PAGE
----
Batyukova v. Doege

Western District of Texas, txwd-5:2019-cv-00391

MEMORANDUM OPINION AND ORDER. Signed by Judge Jason K. Pulliam.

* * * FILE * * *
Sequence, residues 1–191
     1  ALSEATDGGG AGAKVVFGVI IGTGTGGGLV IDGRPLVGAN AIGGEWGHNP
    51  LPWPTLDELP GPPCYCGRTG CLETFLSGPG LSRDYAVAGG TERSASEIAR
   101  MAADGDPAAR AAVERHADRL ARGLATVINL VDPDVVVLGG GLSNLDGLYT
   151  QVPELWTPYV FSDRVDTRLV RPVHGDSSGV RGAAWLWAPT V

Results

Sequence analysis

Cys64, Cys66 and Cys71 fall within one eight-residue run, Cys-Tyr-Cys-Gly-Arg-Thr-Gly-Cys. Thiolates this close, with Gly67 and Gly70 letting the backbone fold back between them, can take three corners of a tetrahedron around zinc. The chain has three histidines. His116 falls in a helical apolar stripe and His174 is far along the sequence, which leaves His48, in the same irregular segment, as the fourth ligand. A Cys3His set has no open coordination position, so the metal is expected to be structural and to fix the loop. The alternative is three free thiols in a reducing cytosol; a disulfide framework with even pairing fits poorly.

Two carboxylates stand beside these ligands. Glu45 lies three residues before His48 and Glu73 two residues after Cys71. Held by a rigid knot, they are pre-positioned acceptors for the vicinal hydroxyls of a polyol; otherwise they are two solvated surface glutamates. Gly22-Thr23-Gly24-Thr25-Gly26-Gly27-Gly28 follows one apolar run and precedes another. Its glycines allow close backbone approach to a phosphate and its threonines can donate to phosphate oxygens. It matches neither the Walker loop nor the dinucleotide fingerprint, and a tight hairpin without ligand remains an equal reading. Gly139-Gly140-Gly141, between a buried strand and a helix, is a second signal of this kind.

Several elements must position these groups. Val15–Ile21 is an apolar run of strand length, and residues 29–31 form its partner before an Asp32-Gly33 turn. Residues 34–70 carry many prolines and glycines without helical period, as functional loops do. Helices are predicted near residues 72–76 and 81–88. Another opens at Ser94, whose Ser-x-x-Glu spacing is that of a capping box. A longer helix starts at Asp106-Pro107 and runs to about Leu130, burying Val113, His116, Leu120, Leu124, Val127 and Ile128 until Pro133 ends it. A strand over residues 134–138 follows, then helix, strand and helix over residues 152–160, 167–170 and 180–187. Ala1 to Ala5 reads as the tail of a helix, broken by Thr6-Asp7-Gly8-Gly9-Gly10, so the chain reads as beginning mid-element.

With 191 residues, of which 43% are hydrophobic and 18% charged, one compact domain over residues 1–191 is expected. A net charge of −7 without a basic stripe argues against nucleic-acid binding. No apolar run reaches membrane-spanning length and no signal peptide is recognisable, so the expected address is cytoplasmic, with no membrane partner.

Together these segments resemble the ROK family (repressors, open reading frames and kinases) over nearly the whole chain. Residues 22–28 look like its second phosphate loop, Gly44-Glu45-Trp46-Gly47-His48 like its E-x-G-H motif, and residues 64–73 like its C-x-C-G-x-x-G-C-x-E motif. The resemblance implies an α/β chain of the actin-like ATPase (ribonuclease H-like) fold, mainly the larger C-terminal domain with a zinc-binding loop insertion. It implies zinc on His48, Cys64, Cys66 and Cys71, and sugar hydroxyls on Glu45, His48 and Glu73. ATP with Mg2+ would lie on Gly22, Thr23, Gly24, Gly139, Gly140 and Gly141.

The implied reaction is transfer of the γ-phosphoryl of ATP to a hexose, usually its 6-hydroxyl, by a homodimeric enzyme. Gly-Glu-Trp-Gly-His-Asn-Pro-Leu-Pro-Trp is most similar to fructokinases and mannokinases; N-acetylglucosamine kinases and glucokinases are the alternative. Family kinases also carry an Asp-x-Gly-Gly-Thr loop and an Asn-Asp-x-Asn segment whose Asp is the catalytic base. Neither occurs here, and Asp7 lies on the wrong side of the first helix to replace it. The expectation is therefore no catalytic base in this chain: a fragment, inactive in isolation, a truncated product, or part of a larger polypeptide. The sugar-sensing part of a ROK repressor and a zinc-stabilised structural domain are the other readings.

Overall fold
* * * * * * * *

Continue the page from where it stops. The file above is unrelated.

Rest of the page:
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2 UNITED STATES DISTRICT COURT WESTERN DISTRICT OF TEXAS SAN ANTONIO DIVISION INESSA G. BATYUKOVA, Plaintiff, v. No. 5:19-cv-00391-JKP BRANDON LEE DOEGE, #1282; ROBERT SCHAFF, #306; MARK POWELL, #309; JERRY ALLEN THOMAS; MARCOS AGUILAR; MEDINA COUNTY AND ITS SHERIFF'S OFFICE; BEXAR COUNTY AND ITS SHERIFF'S OFFICE; CITY OF CASTROVILLE AND ITS POLICE DEPT., Defendants. MEMORADNUM OPINION AND ORDER Before the Court are Defendants City of Castroville and its Police Department, Robert Schaff and Mark Powell's Motion to Dismiss F.R.C.P. 12(b)(6) (ECF No. 19) to which Plaintiff responded (ECF No. 20) and Defendants replied (ECF No. 22) and Defendants Medina County, Marcos Aguilar, and Jerry Allen Thomas' Rule 12(b)(6) Motion to Dismiss (ECF No. 38) to which Plaintiff responded (ECF No. 40). After careful consideration of the memoranda in support of and in opposition to the motions, the Court, for the following reasons, GRANTS the motions. I. Factual allegations Plaintiff Inessa G. Batyukova's ("Batyukova") First Amended Complaint, the operative pleading herein, alleges on June 28, 2018, Batyukova was traveling from San Antonio to Eagle 2 Pass on U.S. Highway 90. ECF No. 5 at 4. At approximately 11:30 p.m., Batyukova stopped her vehicle in the left lane of the highway and activated the hazard lights. Id. Approximately five minutes later, Bexar County Sherriff's Deputy Brandon Lee Doege ("Doege") pulled up behind Batyukova's car, alighted his vehicle,1 identified himself as a Deputy, and ordered Batyukova out of her car. Id.2 Batyukova alleges she slowly exited her car and slowly walked toward Doege—"obviously unarmed," with her hands in the air, and speaking "offensive expletives" directed at Doege—until she stood between his car and hers. Id. at 5. Batyukova further alleges Doege aimed his gun at her, "started screaming," and ordered her to place her hands on the car. Id. As Batyukova "moved her arm" to comply with the order, Doege discharged his weapon five times, striking Batyukova in the right arm, shoulder, leg, and stomach. Id. at 5-6. Batyukova "dropped on the ground several feet in front of Doege's car and started bleeding." Id. at 6. Batyukova further alleges Doege radioed for assistance but otherwise rendered no aid to Batyukova. Id. at 6-7. A few minutes later, Medina County Sherriff's Deputies Jerry Allen Thomas ("Thomas") and Marcos Aguilar ("Aguilar") and Castroville Police Officers Robert Schaff ("Schaff") and Mark Powell ("Powell") arrived on the scene. Id. at 7. Batyukova alleges none of these "peace officers" rendered medical assistance to her. Id. Rather, "Schaff and Powell assisted in blocking traffic" and "Aguilar and Schaff began photographing the scene." Id. Emergency personnel arrived on scene at 11:49 p.m. and transported Batyukova to Castroville Airport where she was flown by Airlife to University Hospital in San Antonio. Id. Batyukova alleges 42 U.S.C. § 1983 claims against Schaff, Powell, Thomas, and Aguilar for failing to render medical assistance. Id. at 12-14. Batyukova alleges Monell claims against 1. . . "privately-owned Grey Dodge Charger" "with red and blue police emergency lights activated." Id. ¶ 17. 2 "Defendant Doege opened the driver door of this car and screamed to Ms. Batyukova that he is a Bexar County Deputy." Id. ¶ 18. 2 2 the City of Castroville and its Police Department and Medina County and its Sheriff's office for inadequate training. Id. at 14-16. II. Legal Standard When presented with a motion to dismiss under Rule 12(b)(6), a court generally "must assess whether the complaint contains sufficient factual matter, accepted as true, to state a claim for relief that is plausible on its face[.]" United States v. Bollinger Shipyards Inc., 775 F.3d 255, 257 (5th Cir. 2014) (internal citations and quotation marks omitted). "A claim has facial plausibility when the plaintiff pleads factual content that allows the court to draw the reasonable inference that the defendant is liable for the misconduct alleged." Ashcroft v. Iqbal, 556 U.S. 662, 678 (2009) (citing Bell Atl. Corp. v. Twombly, 550 U.S. 544, 556 (2007)). Although a plaintiff's factual allegations need not establish the defendant is probably liable, they must establish more than a "sheer possibility" a defendant has acted unlawfully. Id. Determining plausibility is a "context-specific task," and must be performed in light of a court's "judicial experience and common sense." Id. at 679. In assessing a motion to dismiss under Rule 12(b)(6), the court's review is generally limited to the complaint and any documents attached to the motion to dismiss that are referred to in the complaint and are central to the plaintiff's claims. Tellabs Inc. v. Makor Issues & Rights Ltd., 551 U.S. 308, 322 (2007); In re Katrina Canal Breaches Litigation, 495 F.3d 191, 205 (5th Cir. 2007). When reviewing the complaint, the "court accepts all well-pleaded facts as true, viewing them in the light most favorable to the plaintiff." Martin K. Eby Constr. Co. v. Dallas Area Rapid Transit, 369 F.3d 464, 467 (5th Cir. 2004) (internal quotation marks omitted) (quoting Jones v. Greninger, 188 F.3d 322, 324 (5th Cir. 1999)). While well-pleaded facts of a complaint are to be accepted as true, legal conclusions are not "entitled to the assumption of 3 2 truth." Iqbal, 129 S. Ct. at 1950 (citation omitted). Further, a court is not to strain to find inferences favorable to the plaintiff and is not to accept "conclusory allegations, unwarranted deductions, or legal conclusions." R2 Invs. LDC v. Phillips, 401 F.3d 638, 642 (5th Cir. 2005) (citations omitted). A court does not evaluate the plaintiff's likelihood of success; instead, it only determines whether the plaintiff has pleaded a legally cognizable claim. United States ex rel. Riley v. St. Luke's Episcopal Hosp., 355 F.3d 370, 376 (5th Cir. 2004). III. Discussion Defendants Schaff and Powell assert qualified immunity. ECF No. 19 at 2. Defendants Thomas and Aguilar assert qualified immunity and argue Batyukova failed to state a claim upon which relief can be granted. ECF No. 38 at 3, 6. The defense of qualified immunity protects government officials from liability for civil damages in individual-capacity suits unless the officer's conduct was unreasonable in light of clearly established law. Harlow v. Fitzgerald, 457 U.S. 800, 818 (1982); Ashcroft v. al-Kidd, 563 U.S. 731, 741 (2011); District of Columbia v. Wesby, 138 S. Ct. 577, 589 (2018). "When a defendant invokes qualified immunity, the burden is on the plaintiff to demonstrate the inapplicability of the defense." McClendon v. City of Columbia, 305 F.3d 314, 323 (5th Cir. 2002). To defeat a defendant's qualified immunity assertion in a motion to dismiss, a plaintiff must plausibly allege (1) the defendant violated a federal constitutional or statutory right; and (2) the right was clearly established at the time of the violation. King v. Handorf, 821 F.3d 650, 653 (5th Cir. 2016) (citing Collier v. Montgomery, 569 F.3d 214, 217 (5th Cir. 2009) and quoting Morgan v. Swanson, 659 F.3d 359, 371 (5th Cir. 2011) (en banc)). As discussed below, Batyukova fails to allege a constitutional violation. Therefore, the Court need not engage in analysis of the second element. 4 2 A. Deliberate Indifference Claim Against Deputies Thomas and Aguilar and Officers Schaff and Powell To state a federal civil rights claim, a plaintiff must allege a specific defendant, while acting under color of state law, deprived her of a right guaranteed under the Constitution or a federal statute. See West v. Atkins, 487 U.S. 42, 48 (1988). "A person acts under color of state law if he misuses power possessed by virtue of state law and made possible only because the wrongdoer is clothed with the authority of state law." Bustos v. Martini Club, 599 F.3d 458, 464 (5th Cir. 2010) (quoting West, 487 U.S. at 49) (internal quotations omitted). To plausibly allege entitlement to relief, a plaintiff's complaint "must allege facts showing how each individually named defendant caused or personally participated in causing the harm alleged in the complaint." Smith v. Epps, No. 4:07CV43–P–S, 2010 WL 437075, at *2 (N.D. Miss. 2010) (citing Mouille v. City of Live Oak, Tex., 977 F.2d 924, 929 (5th Cir. 1992). Although a plaintiff need not set forth detailed factual allegations, she must plead facts with particularity. A complaint must be dismissed if it does not allege "enough facts to state a claim to relief that is plausible on its face." Twombly, 550 U.S. 544, 556 (2007). A well-pleaded complaint includes clearly stated claims and facts to support those claims. Id. at 555. "[T]hreadbare recitals of the elements of a cause of action, supported by mere conclusory statements, do not suffice." Iqbal, 556 U.S. at 678. To state a claim for deliberate indifference to a serious medical need, a plaintiff must plausibly allege that a specific defendant was deliberately indifferent to her serious medical needs. See Helling v. McKinney, 509 U.S. 25, 32 (1993); Estelle v. Gamble, 429 U.S. 97, 106 (1976); Twombly, 550 U.S. at 556; Iqbal, 556 U.S. at 678. A serious medical need is "one for which treatment has been recommended or for which the need is so apparent that even laymen would recognize that care is required." Gobert v. Caldwell, 463 F.3d 339, 345 n.12 (5th Cir. 2006). An allegation of deliberate indifference must show the plaintiff's "exposure to a 5 2 substantial risk of serious harm" and the official's "deliberate indifference to that risk," such as the intentional denial, delay, or interference with a plaintiff's medical care, or conduct that evinces a wanton disregard. Gobert, 463 F.3d at 345-46; Domino v. Texas Dep't of Criminal Justice, 239 F.3d 752, 756 (5th Cir. 2001); see also Estelle, 429 U.S. at 104-05. To demonstrate deliberate indifference, a plaintiff must show the official knew a substantial risk of serious harm existed and disregarded the risk. Cleveland v. Bell, 938 F.3d 672, 676 (5th Cir. 2019) (quoting Farmer v. Brennan, 511 U.S. 825, 837 (1994)). "A failure to act 'unaccompanied by knowledge of a significant risk of harm' is insufficient to establish a constitutional violation." Id. Thus, an inadvertent failure to provide adequate medical care, negligence, a mere delay in medical care (without more), or a difference of opinion over proper medical treatment, are all insufficient to constitute deliberate indifference. See Estelle, 429 U.S. at 105-07. A plaintiff must show the official "refused to treat him, ignored his complaints, intentionally treated him incorrectly, or engaged in any similar conduct that would clearly evince a wanton disregard for any serious medical needs." Johnson v. Treen, 759 F.2d 1236, 1238 (5th Cir. 1985). Government officials are obligated to provide medical care to a person injured while being apprehended by police because "due process rights" of an unconvicted person "are at least as great as the Eighth Amendment protections available to a convicted prisoner." Revere v. Mass. Gen. Hosp., 463 U.S. 239, 244 (1983). "When the State assumes certain custodial roles with respect to an individual, it creates a 'special relationship' that imparts to the State a limited duty to provide for that person's safety and general well-being." M.D. v. Abbott, 907 F.3d 237, 249 (5th Cir. 2018). Therefore, a delay in obtaining medical treatment for an individual who has been injured while being apprehended by police that results in substantial harm can constitute 6 2 deliberate indifference. Mendoza v. Lynaugh, 989 F.2d 191, 195 (5th Cir. 1993) (emphasis added); see also Westfall v. Luna, 903 F.3d 534, 551 (5th Cir. 2018). As an initial matter, the Court notes it is not bound to consider Plaintiff's recitation of the elements of a cause of action or conclusory allegations couched as facts. Batyukova's First Amended Complaint and responses to Defendants' Motions are largely composed of recitations of elements and conclusory allegations. For example: "All herein complained of actions of the individual Defendants were conscience-shocking, objectively unreasonable and done recklessly, intentionally, maliciously, wantonly, knowingly, purposely, purposefully, intelligently, unlawfully, unconstitutionally, and with deliberate indifference, and gross negligence." ECF No. 5 at 4. "Defendants refused to treat her, ignored her complaints, intentionally treated her incorrectly, or engaged in similar conduct that would clearly evidence a wanton disregard for any serious medical needs." Id. at 13 (reciting elements listed in Treen, 759 F.2d at 1238; Easter v. Powell, 467 F.3d 459, 464 (5th Cir. 2006); Alderson v. Concordia Par. Corr. Facility, 848 F.3d 415, 422 (5th Cir. 2017)). "Plaintiff was harmed and suffered damages for her physical, mental, emotional injury and pain, fright and shock, mental anguish, humiliation, and embarrassment." Id. at 14. The "tenet that a court must accept as true all of the allegations contained in a complaint is inapplicable to legal conclusions." See Ashcroft v. Iqbal, 556 U.S. 662, 678 (2009). Nor is the Court "bound to accept as true a legal conclusion couched as a factual allegation." Wood v. Moss, 134 S. Ct. 2056, 2065 n.5 (2014) (citing Iqbal, 556 U.S. at 678). Accordingly, in conducting its analysis, this Court looks to the well pled facts alleged in Batyukova's pleadings. With respect to the individual Defendants bringing the subject motions, Batyukova's factual allegations are these: Batyukova was shot four times at approximately 11:34 p.m., Officers Schaff and Powell and Deputies Thomas and Aguilar arrived on scene a few minutes 7 2 later, assessed the scene, and, even though Batyukova was "bleeding profusely," rendered no medical aid for approximately "twelve minutes" before EMS arrived. ECF No. 5 at 12-14. Consequently, Batyukova alleges both a serious medical need and a delay in medical treatment. However, Batyukova alleges no facts to show she suffered any harm caused by the Defendants' failure to render aid, which delayed Batyukova's receipt of medical care. The injury that forms the basis of Batyukova's complaint—four gunshot wounds—occurred before Defendants arrived at the scene. Failure to allege harm caused by the delay in providing medical care is fatal to Batyukova's claim because a "delay in medical care can only constitute [a constitutional] violation if there has been deliberate indifference, which results in substantial harm." See Mendoza, 989 F.2d at 195; see also Santibanes v. City of Tomball, 654 F. Supp. 2d 593, 610 (S.D. Tex. 2009) (concluding plaintiff could not maintain a claim for post-shooting denial of adequate medical care because plaintiff could not identify any injury caused by the delay in providing medical care); Martinez v. Maverick Cty., 507 F. App'x 446, 448 (5th Cir. 2013) (unpublished) (affirming the District Court's finding of the same); Westfall v. Luna, 903 F.3d 534, 552 (5th Cir. 2018) (where plaintiff failed to plead any substantial harm resulting from the officers' "half-hour delay in calling paramedics," dismissal of denial-of-medical-treatment claims against the officers was appropriate); Delaughter v. Woodall, 909 F.3d 130, 140 (5th Cir. 2018) (holding it is clearly established that delaying medical care can constitute a constitutional violation if the official knows substantial risk of serious harm exists, disregards that risk, and the delay results in substantial harm); Flores v. Harris, No. H-17-3817, 2019 WL 1426313, at *20 (S.D. Tex. Mar. 29, 2019) (granting defendants summary judgment where EMS personnel arrived on scene within ten minutes, the extent of the gunshot injury was not clear, and the 8 2 plaintiff did not provide evidence the delay in medical care worsened his injury or caused him further harm). Because Batyukova does not allege any harm caused by Thomas, Aguilar, Schaff, or Powell delaying medical treatment, the Court finds the allegations in Plaintiff's First Amended Complaint are insufficient to state a claim. B. Monell claims against Medina County and the City of Castroville A local government entity "may not be sued under § 1983 for an injury inflicted solely by its employees or agents. Instead, it is when execution of a government's policy or custom, whether made by its lawmakers or by those whose edicts or acts may fairly be said to represent official policy, inflicts the injury that the government as an entity is responsible under § 1983." Monell v. Dep't of Social Servs. of City of New York, 436 U.S. 658, 694 (1978); see also Connick v. Thompson, 563 U.S. 51, 60 (2011) ("local governments are responsible only for their own illegal acts"). To state a claim arising from the execution of an entity's policy or custom, plaintiff must set forth factual allegations to show "(1) an official policy (or custom), of which (2) a policy maker can be charged with actual or constructive knowledge, and (3) a constitutional violation whose 'moving force' is that policy (or custom)." Pineda v. City of Houston, 291 F.3d 325, 328 (5th Cir. 2002). As already discussed, Batyukova failed to allege a constitutional violation. "To impose liability on a local governmental entity for failing to act to preserve constitutional rights, a section 1983 plaintiff [first] must establish that he possessed a constitutional right of which he was deprived." City of Canton v. Harris, 489 U.S. 378, 389 (1989). "Where there is no underlying constitutional violation, there can be no municipal liability." City of Los Angeles v. Heller, 475 U.S. 796, 799 (1986). Accordingly, Batyukova's Monell claim is subject to dismissal. 9 2 Even if the Court found a constitutional violation above, Batyukova fails to allege the policy she believes violated the Constitution. Rather, Batyukova relies on the single incident exception, alleging Schaff, Powell, Thomas, and Aguilar's actions demonstrate "[t]heir training, per Castroville and its police department [and per Medina County and its sheriff's office], provided that they should not provide medical care or first aid to a woman lying in the street bleeding profusely after having been shot multiple times by a law enforcement officer." ECF No. 5 at 15-16 ¶¶ 101-102. Batyukova argues "[a] city may be held liable for a single incident of failing to train, so long as the plaintiff can prove the highly predictable consequence of a failure to train would result in the specific injury suffered, and that the failure to train represented the moving force behind the constitutional violation." ECF No. 40 at 15 (quoting Bell v. City of El Paso, 2009 U.S. Dist. LEXIS 127084, at *36 (W.D. Tex. Dec. 18, 2009). Again, the only specific injury alleged—being shot four times—occurred before Deputies Thomas and Aguilar and Officers Schaff and Powell arrived on the scene. In part, it is the egregiousness of the acts that give rise to a single incident exception. For example, "repeated acts of abuse by several officers in several episodes over the course of one night, tend[ed] to prove a disposition to disregard human life and safety so prevalent as to be policy or custom." See Westfall, 903 F.3d at 552 (describing Grandstaff v. Borger, 767 F.2d 161 (5th Cir. 1985)). The Officers and Deputies' alleged acts here—securing the scene, directing traffic, and beginning the investigation by taking photographs, but not rendering medical aid after EMS was summoned—do not demonstrate the culture of indifference Batyukova's pleadings attempt to imply. Nor do Batyukova's pled facts plausibly allege that these Defendants were trained to "not provide medical care or first aid to a woman lying in the street bleeding." ECF No. 5. Claims must be supported by pleaded facts, not 10 2 conjecture. Iqbal, 556 U.S. at 678-79. Accordingly, Batyukova's Monell claim against the City of Castroville and Medina County is subject to dismissal. Finally, the Medina County Sheriff's Department and the Castroville Police Department are not proper defendants under Section 1983. Where a plaintiff has incorrectly named the department rather than the municipality and the defendant will not be prejudiced by the amendment, the appropriate disposition is dismissal with leave to amend. See Parker v. Fort Worth Police Dep't, 980 F.2d 1023, 1026 (5th Cir. 1993). Here, Plaintiff has named the correct defendants, Medina County and the City of Castroville. Accordingly, dismissing Medina County Sheriff's Department and the Castroville Police Department from the action is appropriate. IV. Conclusion For the reasons set forth above, the Court GRANTS Defendants City of Castroville and its Police Department, Robert Schaff and Mark Powell's Motion to Dismiss F.R.C.P. 12(b)(6) (ECF No. 19). The Court GRANTS Defendants Medina County, Marcos Aguilar, and Jerry Allen Thomas' Rule 12(b)(6) Motion to Dismiss (ECF No. 38). Dismissal with prejudice is appropriate if a court finds the plaintiff has alleged his or her best case. Greninger, 188 F.3d at 327 accord Fregia v. Bright, 750 F. App'x 296, 299 (5th Cir. 2018) (unpublished) (where the plaintiff has had several opportunities to state a cognizable claim and he has pled his best case, the court need not authorize another amendment) (citing United States ex rel. Willard v. Humana Health Plan of Texas, Inc., 336 F.3d 375, 387 (5th Cir. 2003)). Plaintiff amended her complaint after the first motion to dismiss filed in this action. Plaintiff chose to defend her First Amended Complaint against Defendants' motions to dismiss rather than moving for leave to amend. In conducting the 12(b)(6) analysis herein, the Court accepted all of Plaintiff's well-pleaded facts as 11 2 true and viewed them in the light most favorable to Plaintiff. Consequently, the Court finds Plaintiff has alleged her best case. Accordingly, it is ORDERED the City of Castroville, the City of Castroville Police Department, Medina County, the Medina County Sheriff's Office, Jerry Allen Thomas, Marcos Aguilar, Robert Schaff, and Mark Powell are DISMISSED from the action. It is so ORDERED. SIGNED this 29th day of October 2019. JASON PULLIAM UNITED STATES DISTRICT JUDGE 12